The other day we had a couple servers made inaccessible for over 9 hours. It was a disaster. The servers themselves were fine, but the data center where they live had a power outage. From what little information I have gathered, the power outage caused networking and router failures, so that even when power was restored either through back up or primary source repair, the server bank where we had a couple servers remained off line.
To compound matters the company that supplies these servers were not reachable by phone (constant busy signal) so I couldn’t even communicate with them to learn what had happened and get an ETA on return of service that IÂ could pass on to my customers who called and emailed me throughout the day and evening. Needless to say, I lost a lot of sleep that night. I have still to get a full accounting or reassurance from the server provider that they have things under control. I have been with them for years and have had very good service, excellent response time if a server does go down, and generally good conmmunication. But this incident has caused me to rethink the who relationship. Moving servers is a real PITA. But I have done it several times in the past due to poor service so I am considering doing it again. In any service business, communication is vital. When that breaks down, trust is lost.
In order to improve communication with our own clients, I am working on a couple things. The first is a new blog hosted at WordPress.com where I can post information about our hosting service.Â Even if all our servers go dark the blog will not. Of course there is no guarantee WordPress.com won’t go down. Anything can happen.
Update: I have heard from the owner of my supplier at the data center. It seems some of the communication failure was on my end. My Gmail account coincidental to this incident decided to send all their messages to me to the spam folder. What? And Gmail is supposed to be so reliable. Although their own mail server was down for quite a while as well. Anyway, here is some of what he said:
As you are aware there was a major power outage yesterday at the data center we are located in. Even though our data center has a back-up battery system and back-up generators, there was apparently a failed capacitor bank that prevented either the batteries or the generators from helping. We will be learning more about what happened tomorrow when the data center owners provide us with an RFO or Reason For Outage document.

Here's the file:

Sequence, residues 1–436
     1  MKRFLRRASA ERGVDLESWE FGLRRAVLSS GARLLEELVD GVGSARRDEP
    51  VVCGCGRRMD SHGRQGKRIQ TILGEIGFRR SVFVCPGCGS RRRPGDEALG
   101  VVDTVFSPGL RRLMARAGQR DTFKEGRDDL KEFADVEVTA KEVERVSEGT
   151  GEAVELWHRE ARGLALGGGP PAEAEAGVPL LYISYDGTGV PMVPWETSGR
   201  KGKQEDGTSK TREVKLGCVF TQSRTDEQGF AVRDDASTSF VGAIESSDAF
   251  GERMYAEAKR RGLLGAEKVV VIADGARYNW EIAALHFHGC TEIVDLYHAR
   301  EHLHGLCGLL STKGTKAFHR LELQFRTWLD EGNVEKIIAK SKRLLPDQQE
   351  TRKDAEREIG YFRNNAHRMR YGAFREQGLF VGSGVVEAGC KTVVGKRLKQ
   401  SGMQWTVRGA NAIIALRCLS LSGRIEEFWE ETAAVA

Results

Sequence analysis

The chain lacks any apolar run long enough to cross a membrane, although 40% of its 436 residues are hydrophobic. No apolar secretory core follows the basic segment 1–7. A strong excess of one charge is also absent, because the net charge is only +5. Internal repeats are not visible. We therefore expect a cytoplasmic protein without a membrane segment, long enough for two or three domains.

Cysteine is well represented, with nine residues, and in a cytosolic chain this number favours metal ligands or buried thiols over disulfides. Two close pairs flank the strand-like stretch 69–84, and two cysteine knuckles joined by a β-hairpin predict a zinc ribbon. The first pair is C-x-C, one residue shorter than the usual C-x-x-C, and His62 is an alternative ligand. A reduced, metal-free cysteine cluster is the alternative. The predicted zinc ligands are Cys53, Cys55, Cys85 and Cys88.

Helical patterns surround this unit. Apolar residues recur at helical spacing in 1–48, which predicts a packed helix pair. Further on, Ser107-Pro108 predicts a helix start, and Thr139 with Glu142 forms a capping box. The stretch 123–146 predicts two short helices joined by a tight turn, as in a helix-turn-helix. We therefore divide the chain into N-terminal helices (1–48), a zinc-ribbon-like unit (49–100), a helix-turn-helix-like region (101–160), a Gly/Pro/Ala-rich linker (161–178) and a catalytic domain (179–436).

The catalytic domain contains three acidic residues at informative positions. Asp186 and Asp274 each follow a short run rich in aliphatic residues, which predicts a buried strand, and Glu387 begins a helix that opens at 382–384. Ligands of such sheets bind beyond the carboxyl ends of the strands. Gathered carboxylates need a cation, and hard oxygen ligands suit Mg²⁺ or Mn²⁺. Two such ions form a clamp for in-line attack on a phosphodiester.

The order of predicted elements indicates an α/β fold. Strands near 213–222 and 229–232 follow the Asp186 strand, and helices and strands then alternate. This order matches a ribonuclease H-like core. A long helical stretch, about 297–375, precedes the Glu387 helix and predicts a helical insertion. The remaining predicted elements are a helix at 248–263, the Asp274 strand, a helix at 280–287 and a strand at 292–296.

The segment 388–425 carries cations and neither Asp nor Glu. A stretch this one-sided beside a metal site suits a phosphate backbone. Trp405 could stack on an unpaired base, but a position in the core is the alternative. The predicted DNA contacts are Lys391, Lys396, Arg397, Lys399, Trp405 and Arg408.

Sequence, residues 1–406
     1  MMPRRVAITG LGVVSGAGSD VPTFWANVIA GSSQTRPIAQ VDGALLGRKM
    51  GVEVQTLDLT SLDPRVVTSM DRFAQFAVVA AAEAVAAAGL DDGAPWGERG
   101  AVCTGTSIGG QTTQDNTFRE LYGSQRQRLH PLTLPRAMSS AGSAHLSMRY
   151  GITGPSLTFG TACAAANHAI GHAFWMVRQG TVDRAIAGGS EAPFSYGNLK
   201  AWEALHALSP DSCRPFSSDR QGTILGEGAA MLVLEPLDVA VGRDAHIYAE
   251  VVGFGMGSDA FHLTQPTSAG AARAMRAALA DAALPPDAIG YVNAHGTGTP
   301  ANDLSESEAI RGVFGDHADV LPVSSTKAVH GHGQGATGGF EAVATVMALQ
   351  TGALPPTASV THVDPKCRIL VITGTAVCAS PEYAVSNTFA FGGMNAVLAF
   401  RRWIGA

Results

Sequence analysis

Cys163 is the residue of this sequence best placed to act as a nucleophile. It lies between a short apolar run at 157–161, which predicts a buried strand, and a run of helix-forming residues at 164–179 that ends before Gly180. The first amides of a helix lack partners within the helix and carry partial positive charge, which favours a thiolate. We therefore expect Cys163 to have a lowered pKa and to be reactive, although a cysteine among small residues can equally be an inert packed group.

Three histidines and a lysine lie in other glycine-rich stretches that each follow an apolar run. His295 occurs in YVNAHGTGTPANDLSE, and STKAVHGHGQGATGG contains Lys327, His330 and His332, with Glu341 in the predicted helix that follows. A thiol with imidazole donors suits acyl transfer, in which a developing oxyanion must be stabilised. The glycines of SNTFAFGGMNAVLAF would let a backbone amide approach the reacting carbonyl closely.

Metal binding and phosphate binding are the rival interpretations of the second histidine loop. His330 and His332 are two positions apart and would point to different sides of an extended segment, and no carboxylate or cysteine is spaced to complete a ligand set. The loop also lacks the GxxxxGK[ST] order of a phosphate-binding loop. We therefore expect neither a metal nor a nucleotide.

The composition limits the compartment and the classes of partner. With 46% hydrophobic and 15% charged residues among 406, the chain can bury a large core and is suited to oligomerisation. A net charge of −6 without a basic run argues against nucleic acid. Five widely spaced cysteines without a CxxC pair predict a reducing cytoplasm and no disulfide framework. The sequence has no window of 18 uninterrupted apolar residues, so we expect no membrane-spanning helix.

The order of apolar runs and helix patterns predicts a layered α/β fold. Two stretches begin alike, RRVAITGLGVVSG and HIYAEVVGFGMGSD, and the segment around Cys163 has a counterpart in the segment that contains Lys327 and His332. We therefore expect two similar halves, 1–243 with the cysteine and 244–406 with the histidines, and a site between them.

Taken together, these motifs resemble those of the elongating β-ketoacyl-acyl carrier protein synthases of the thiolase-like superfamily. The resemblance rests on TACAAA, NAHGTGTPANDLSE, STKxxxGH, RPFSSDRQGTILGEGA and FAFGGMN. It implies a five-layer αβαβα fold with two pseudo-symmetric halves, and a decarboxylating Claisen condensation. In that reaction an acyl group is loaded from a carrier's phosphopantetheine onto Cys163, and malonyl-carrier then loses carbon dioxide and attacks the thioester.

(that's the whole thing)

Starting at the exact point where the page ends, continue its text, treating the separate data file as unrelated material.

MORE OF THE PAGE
I am assured they are taking steps to this won’t happen again.
Last Monday Erik V. Kirk, famed SoHum blogger, spoke at my Rotary Club (I can’t believe I’m in a Rotary Club, but there I am). His talk was a fun mixture of tech naivetÃ© and insights in to how blogging information can spread and come back to the blogger in unexpected ways. What he thought was an obscure journal of life and ideas in an obscure part of the world, seems to have been found by thousands of people and become a hotbed for conversation on local and global issues. His approach to the talk was just right for our group, most of whom, while extremely bright, have not had the opportunity to learn about the power, opportunities and pitfalls of blogging for fun and/or profit.
I’ve recently seen an increased interest in the use of blogs by small business. And in response to a direct question from one client on how to get started, I offered the following advice (more or less):
Blogging can be fun, but it can also be time consuming. Blogging isn’t for everyone and not for every business. First, you have to like to write. Second, you should have something to say about your industry that people would want to read, or something special you want to express to your customers. Third, it can tricky to get set up and keep the software up to date if you install it yourself. This NY Times article puts some perspective on blogging for small business.